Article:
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Dr. Robbie Sabel
Hebrew University Faculty of Law
Jerusalem, Israel
JURIST Guest Columnist

Classic international law defines occupied territory as the sovereign territory of a State that is under the military occupation of another State at a time when a state of war exists between them. A required condition is that the "belligerent occupation" prevents the sovereign state from exercising its authorities in said territory. International law forbids the occupying state from annexing the occupied territory, and requires the occupier to set up a military government in the territory. This military government is subject to the restrictions imposed by the laws of occupation of international law. No distinction is made between legal and illegal occupation; international humanitarian law applies equally to the godly and to the sinners.[1]

The laws of occupation are to be found principally in the 1907 Hague Regulations, which have the status of international customary law; the 1949 IVth Geneva Convention, most of which reflects customary law and the 1977 Ist Additional Protocol to the 1949 Geneva Conventions. Many of the rules of the Additional Protocol also reflect customary law. However, the innovative elements of the Additional Protocol have not attained the status of customary law.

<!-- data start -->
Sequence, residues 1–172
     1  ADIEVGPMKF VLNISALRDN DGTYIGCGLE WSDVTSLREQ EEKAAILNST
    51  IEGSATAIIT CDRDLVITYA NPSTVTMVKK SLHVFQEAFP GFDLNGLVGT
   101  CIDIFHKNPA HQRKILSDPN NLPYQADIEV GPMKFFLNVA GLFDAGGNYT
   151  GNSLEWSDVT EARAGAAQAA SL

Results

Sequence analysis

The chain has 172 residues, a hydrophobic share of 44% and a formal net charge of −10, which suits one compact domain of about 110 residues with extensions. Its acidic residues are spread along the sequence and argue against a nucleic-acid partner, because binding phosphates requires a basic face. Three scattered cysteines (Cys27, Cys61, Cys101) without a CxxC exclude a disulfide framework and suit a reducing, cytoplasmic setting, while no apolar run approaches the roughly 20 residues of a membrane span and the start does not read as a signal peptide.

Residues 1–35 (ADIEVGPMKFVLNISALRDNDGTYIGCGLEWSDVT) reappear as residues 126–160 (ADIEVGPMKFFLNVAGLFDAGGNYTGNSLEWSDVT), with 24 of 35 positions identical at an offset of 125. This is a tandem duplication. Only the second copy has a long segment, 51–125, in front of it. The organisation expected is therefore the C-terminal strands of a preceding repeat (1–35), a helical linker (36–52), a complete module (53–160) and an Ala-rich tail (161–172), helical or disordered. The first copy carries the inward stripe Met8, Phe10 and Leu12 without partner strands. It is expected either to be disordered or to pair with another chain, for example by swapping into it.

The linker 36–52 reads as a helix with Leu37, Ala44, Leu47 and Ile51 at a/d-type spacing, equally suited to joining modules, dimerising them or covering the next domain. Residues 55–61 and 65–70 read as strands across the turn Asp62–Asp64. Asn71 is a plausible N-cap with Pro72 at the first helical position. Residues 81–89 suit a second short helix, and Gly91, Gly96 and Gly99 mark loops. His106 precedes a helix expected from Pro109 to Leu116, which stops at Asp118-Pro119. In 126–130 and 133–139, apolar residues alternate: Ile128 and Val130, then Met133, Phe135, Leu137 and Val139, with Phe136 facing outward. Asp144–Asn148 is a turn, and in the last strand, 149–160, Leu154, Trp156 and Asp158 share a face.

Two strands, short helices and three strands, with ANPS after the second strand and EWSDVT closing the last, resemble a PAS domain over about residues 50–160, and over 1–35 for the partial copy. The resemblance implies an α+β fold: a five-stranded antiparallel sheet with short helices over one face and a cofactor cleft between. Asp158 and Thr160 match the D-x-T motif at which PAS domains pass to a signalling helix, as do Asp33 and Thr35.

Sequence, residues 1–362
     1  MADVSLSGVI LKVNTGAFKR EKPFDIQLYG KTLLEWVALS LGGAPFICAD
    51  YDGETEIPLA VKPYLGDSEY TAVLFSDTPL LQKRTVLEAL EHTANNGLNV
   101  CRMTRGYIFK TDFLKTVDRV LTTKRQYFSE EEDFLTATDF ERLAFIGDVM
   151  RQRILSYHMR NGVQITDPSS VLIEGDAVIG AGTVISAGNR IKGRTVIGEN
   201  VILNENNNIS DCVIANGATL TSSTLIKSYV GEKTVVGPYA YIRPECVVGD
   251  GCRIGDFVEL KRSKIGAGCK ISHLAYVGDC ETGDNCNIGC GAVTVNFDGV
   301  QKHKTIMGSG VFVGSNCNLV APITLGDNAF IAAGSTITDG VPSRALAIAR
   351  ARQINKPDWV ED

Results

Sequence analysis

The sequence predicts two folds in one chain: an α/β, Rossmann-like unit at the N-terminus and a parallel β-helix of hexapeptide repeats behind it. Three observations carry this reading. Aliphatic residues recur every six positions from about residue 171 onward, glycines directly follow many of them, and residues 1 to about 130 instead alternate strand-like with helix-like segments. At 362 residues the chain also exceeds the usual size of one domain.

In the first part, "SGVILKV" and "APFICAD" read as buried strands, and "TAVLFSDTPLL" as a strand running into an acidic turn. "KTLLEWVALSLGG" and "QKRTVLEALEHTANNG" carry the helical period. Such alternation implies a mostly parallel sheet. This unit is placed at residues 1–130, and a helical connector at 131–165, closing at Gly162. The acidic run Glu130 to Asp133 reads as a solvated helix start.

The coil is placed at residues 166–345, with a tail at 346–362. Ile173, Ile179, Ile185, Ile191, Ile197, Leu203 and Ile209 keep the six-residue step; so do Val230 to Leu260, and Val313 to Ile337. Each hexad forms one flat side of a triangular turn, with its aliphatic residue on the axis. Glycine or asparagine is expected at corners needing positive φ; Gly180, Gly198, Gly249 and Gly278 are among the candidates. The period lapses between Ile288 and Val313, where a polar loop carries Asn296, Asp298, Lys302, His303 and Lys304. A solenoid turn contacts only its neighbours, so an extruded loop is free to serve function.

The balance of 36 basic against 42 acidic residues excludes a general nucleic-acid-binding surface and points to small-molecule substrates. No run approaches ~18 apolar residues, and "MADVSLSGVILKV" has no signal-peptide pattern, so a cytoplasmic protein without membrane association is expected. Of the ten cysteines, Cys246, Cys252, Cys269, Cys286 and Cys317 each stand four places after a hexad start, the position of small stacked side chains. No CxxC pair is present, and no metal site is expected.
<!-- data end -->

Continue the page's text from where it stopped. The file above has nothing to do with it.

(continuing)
The US and the UK are parties to the IVth Geneva Convention, and the UK is party to the 1977 Ist Additional Protocol. Both States are of course bound by customary international law and furthermore customary international law forms part of the law of the land in both the US and the UK.

Yet notwithstanding this legal background, neither the US nor the UK has formally stated that they will be applying the IVth Geneva Convention to their administration of Iraq. In their joint letter to the UN Security Council of 8 May 2003, the two States affirmed that they "will strictly abide by their obligations under international law including those relating to the essential humanitarian needs of the people of Iraq."[2] The Security Council, in the preamble to its subsequent Resolution of 22 May, designated the US and the UK as "occupying powers," but refrained from using the phrase "occupying powers" in the operative part of the Resolution, which calls upon "all concerned to comply fully with their obligations under international law including in particular the Geneva Conventions of 1949 and the Hague Regulations of 1907."[3] Explicit mention of the relevant IVth Convention was lacking.

In fact, it appears that no State has ever formally applied the IVth Geneva Convention to territory under its control. The laws of occupation, as they were then, were not applied to the allied occupation of Germany after World War II on the grounds that the Reich no longer existed and therefore there was no previous sovereign whose rights needed protection.